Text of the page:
In the history of the Academy Awards, there have been several contentious decisions, and several which have left viewers in complete shock. In the last two decades alone, landmark films such as Shawshank Redemption, Invictus, Rush and The Truman Show have been snubbed. There have been winners who were genuinely appreciated that year, but miraculously nearly forgotten after that, such as the eight-Oscar winner The English Patient. Then there are those who missed out on the top gongs because the votes for a certain genre got split, or so they say about Goodfellas and Godfather III. And then there have also been ‘consolation wins’, given to actors or filmmakers, when the academy rectified a past ‘mistake’as was the case with Martin Scorsese winning his long-awaited Oscar for The Departed or Al Pacino getting the plaudits for Scent of a Woman.
Possibly the most contentious decision of the night, this was a major surprise. All the more, The Shape of Water had not fared particularly well at any of the pre-Oscar awards functions, often considered the key indicators such as BAFTA or Golden Globe, winning mainly technical awards. Three Billboards outside Ebbing Missouri was every analyst’s prediction prior to the actual announcement.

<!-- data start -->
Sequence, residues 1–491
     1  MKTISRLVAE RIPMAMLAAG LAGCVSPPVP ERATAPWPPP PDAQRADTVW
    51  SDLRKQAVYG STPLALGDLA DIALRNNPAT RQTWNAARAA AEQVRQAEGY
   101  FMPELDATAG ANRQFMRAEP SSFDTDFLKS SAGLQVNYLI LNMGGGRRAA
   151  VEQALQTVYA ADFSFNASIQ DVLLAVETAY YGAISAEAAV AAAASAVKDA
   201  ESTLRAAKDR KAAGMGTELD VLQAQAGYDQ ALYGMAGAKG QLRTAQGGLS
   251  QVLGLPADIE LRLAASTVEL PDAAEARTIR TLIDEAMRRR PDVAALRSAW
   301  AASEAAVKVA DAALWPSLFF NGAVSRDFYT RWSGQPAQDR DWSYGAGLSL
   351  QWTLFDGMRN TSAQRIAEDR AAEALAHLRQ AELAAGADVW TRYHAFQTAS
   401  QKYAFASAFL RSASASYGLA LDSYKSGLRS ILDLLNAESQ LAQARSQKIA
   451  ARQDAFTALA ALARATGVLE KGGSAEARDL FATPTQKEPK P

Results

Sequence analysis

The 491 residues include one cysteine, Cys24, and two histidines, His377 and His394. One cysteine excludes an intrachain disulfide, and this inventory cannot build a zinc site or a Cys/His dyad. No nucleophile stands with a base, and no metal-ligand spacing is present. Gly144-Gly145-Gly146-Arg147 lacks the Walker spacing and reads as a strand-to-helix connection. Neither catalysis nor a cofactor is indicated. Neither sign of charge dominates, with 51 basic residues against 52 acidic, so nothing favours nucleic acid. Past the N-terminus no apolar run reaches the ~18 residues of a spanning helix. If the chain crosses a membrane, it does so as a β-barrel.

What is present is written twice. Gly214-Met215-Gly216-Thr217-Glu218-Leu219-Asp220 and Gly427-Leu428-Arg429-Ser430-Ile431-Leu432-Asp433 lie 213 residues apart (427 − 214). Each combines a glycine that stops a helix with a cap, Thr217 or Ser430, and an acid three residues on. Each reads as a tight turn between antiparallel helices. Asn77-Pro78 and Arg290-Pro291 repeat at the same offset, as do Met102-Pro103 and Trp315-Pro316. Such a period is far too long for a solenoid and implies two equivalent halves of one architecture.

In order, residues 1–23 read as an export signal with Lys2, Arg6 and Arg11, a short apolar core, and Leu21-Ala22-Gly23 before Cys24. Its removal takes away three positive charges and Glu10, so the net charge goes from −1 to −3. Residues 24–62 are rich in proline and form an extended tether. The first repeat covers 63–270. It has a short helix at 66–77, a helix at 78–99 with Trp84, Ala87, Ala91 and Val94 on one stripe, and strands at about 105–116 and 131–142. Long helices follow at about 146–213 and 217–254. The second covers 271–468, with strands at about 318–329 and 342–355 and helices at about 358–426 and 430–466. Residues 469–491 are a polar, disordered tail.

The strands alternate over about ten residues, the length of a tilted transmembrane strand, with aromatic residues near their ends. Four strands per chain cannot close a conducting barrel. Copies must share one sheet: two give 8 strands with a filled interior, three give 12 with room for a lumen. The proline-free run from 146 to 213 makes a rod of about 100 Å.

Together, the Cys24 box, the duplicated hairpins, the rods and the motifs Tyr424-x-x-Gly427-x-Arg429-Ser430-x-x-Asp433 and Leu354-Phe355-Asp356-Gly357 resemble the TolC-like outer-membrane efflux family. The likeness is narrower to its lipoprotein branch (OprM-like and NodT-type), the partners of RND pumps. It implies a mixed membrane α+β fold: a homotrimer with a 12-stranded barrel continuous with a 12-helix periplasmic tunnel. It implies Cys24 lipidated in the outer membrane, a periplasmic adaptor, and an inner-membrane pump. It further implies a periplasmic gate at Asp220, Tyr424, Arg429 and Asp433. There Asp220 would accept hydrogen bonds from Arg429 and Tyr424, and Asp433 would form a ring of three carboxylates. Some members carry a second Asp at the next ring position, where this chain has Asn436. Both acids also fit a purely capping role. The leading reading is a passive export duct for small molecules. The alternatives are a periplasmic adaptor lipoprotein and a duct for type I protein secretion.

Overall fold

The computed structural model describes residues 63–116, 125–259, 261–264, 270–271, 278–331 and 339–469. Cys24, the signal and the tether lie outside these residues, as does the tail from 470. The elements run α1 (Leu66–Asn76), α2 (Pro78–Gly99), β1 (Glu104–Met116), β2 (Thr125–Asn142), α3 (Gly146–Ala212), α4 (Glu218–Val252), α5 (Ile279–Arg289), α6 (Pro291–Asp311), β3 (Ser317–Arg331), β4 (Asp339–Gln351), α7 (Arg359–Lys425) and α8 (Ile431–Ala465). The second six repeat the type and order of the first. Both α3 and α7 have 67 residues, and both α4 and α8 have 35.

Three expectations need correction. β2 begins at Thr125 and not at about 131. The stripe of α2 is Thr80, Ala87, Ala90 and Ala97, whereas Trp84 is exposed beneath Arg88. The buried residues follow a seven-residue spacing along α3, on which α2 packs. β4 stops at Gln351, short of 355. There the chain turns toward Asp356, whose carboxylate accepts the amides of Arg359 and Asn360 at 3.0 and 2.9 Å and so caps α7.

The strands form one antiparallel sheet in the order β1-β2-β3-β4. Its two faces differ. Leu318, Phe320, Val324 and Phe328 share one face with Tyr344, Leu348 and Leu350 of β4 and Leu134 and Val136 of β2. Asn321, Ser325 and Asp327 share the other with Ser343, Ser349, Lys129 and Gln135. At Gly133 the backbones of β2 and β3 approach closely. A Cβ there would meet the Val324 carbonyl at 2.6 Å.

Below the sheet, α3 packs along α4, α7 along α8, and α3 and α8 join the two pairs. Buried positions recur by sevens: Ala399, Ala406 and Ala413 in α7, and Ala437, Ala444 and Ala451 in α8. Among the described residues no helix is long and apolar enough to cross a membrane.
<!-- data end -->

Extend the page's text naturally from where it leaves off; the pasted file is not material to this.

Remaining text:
This was the most predictable category of the year, as Gary Oldman was everyone’s favourite. His unsympathetic, yet eerily accurate portrayal of Winston Churchill had all viewers in awe. Oldman put on weight for this film, while the costume designers consulted the actual tailors of Churchill’s clothes, such was the attention-to-detail that was paid in The Darkest Hour. James Franco who collected an acting award for Musical or Comedy in the Golden Globes, surprisingly could not even find a nomination here. A few thoughts go to legendary actor Daniel Day Lewis, appearing in cinema for the last time in Phantom Thread.
Another of the most hotly contested award categories, though the final winner was somewhat predictable. Frances McDormand won her second Oscar, coming more than 2 decades after her win with Fargo. She beat off stiff competition from Golden Globe winner Saoirse Ronan and the evergreen Meryl Streep. For Ronan, it was a second nomination, this time for her role in the coming-of-age drama Lady Bird. Had it been anybody else, Meryl Streep’s performance in The Post would surely have garnered her even more praise, but by now, this is the minimum we expect of her. In the year of #MeToo and #TimesUp, her role was truly befitting. In the movie, she was initially dominated by her late husband’s shadow, and male advisors, but later on rose to play a key role in uncovering the Watergatescandal.
Guillermo del Toro had previously won the Directors Guild Award, so would have arrived with high hopes here, before actually winning it. At a time when several spoke out about the need for greater diversity and inclusion in mainstream cinema, the Mexican’s victory is surely more than just a personal victory for him. For many it banishes the ghosts of #OscarsSoWhite.